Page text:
Ambassador Bosworth, I would note, is a former career Foreign Service Officer who, among other assignments, served as the U.S. Ambassador to Tunisia and the Philippines and as Chairman of the Policy Planning Council. Most recently, he has been President of the United States-Japan Foundation -- this is since 1988.

Mr. Choi is a career diplomat of the Republic of Korea and is presently Director General for International Economic Affairs in the Ministry of Foreign Affairs.

Mr. Umezu is a career diplomat of Japan and is presently Deputy Director General of the Multilateral Cooperation Department in the Ministry of Foreign Affairs.

There are additional biographic details that we have that will be in the statement, which we will post immediately following the briefing. I'll be happy to take your questions.

Q Christine, what has the State Department been telling the Government of Turkey about the Kurdish situation?

MS. SHELLY: We have reports that the Turkish troops have crossed into northern Iraq over the weekend in an operation directed at the Kurdistan Workers Party, the PKK, at the camps along the Iraqi-Turkish border. The operation is reportedly supported by artillery, armor, planes and helicopters.

The Secretary was called this morning by his counterpart in Turkey. He was informed of the operation. In response to receiving this information, the Secretary expressed his very strong hope that the Turkish operation would be of limited duration and limited in scope, and that everything possible could be done to protect innocent lives.

Q Is it a reasonable expectation that that type of offensive would not bring large civilian losses; that even if you're sympathetic to the operation, that there would be a lot of people hurt who shouldn't be hurt?

MS. SHELLY: As is very often the case in that type of operation, it's very difficult at times to avoid civilian collateral damage. Certainly, we are very mindful of the fact that the PKK is a vicious terrorist organization which itself is very guilty of human rights violations.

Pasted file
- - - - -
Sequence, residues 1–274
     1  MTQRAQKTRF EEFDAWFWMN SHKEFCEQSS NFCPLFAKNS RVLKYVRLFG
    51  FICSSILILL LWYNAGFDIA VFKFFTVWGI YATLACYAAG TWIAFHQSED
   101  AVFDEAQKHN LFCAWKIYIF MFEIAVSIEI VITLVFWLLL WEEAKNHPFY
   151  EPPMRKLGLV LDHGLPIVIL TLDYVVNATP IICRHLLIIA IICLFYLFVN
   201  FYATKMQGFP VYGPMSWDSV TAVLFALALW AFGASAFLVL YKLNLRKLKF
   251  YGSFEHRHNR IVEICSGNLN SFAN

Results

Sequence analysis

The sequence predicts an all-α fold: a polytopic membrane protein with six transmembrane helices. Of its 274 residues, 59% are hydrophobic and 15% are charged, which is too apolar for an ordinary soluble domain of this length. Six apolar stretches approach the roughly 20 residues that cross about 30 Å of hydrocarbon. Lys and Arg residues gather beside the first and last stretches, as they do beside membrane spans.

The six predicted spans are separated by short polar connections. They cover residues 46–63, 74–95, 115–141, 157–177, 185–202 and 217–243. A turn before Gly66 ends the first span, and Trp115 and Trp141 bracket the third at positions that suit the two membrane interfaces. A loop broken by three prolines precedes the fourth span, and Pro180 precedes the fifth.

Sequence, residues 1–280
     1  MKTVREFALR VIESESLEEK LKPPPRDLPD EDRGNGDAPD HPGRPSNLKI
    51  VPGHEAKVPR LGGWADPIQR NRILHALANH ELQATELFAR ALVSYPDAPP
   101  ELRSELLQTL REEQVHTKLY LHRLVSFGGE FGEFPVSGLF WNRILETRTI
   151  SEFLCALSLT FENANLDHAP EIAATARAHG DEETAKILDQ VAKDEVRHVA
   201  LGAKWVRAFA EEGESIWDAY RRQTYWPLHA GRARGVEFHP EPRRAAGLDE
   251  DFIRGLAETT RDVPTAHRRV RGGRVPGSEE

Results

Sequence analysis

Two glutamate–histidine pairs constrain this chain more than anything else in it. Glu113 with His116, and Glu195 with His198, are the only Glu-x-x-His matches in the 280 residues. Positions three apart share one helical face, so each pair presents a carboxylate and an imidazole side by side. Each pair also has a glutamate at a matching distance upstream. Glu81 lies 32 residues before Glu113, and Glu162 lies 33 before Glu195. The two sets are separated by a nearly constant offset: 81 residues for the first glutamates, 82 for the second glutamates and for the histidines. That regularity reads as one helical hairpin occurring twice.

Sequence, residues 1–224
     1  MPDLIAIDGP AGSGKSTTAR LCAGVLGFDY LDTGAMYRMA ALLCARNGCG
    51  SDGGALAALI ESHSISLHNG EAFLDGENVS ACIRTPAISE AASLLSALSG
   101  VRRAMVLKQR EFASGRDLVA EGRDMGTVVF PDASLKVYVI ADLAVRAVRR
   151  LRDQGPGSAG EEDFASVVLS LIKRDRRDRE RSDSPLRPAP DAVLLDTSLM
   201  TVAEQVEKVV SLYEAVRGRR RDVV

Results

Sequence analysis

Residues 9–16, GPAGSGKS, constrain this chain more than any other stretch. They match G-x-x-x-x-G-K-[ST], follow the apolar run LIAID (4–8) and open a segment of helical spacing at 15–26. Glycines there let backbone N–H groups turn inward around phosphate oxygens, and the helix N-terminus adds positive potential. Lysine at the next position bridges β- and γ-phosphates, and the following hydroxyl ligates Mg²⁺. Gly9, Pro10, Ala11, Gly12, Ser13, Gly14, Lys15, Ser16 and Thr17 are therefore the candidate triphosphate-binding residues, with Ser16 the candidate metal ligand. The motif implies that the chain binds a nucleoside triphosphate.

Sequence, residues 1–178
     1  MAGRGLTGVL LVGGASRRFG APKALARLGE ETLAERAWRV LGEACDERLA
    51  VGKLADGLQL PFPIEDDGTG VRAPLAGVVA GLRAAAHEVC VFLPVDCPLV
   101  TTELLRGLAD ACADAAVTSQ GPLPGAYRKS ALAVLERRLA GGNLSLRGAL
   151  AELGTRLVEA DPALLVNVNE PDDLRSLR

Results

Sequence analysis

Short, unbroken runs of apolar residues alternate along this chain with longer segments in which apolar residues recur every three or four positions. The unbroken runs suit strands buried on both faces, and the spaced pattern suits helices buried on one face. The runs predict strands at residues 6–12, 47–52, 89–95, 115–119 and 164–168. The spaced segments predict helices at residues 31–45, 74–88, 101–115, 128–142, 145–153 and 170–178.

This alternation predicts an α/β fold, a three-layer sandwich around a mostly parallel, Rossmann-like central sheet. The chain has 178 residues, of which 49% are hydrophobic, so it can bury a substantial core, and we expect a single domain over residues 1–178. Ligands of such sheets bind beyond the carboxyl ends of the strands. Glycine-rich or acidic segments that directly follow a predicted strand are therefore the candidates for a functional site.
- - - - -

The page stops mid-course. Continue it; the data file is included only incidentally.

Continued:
Nonetheless, we hope and expect that recognized standards of human rights will be observed in this and all other military activities in the area. The Turkish Government has assured us that it will make that effort to try and avoid civilian casualties, and they have also informed us that the operation is taking place away from major concentrations of refugees.

Q Christine, is this supposedly a protected zone? Isn't the United States and its allies involved in trying to protect this from outsiders coming in and bombing and blowing things up?

MS. SHELLY: It is supposed to be a safe zone, as you're aware. It's not the first time that such incursions have happened. The most recent one which appears to have occurred of this size was October, 1992. When operations of this type have taken place before, the Turkish forces have withdrawn from northern Iraq relatively rapidly. We certainly hope that this will be the case this time. And even with the announcements of their own actions underway, the Turkish Government has continued to state its support for Iraq's territorial integrity.

Q If Saddam Husayn had 35,000 troops rolling into this zone in the southern part of the northern zone, would that be acceptable to the United States, saying that they were going after terrorists?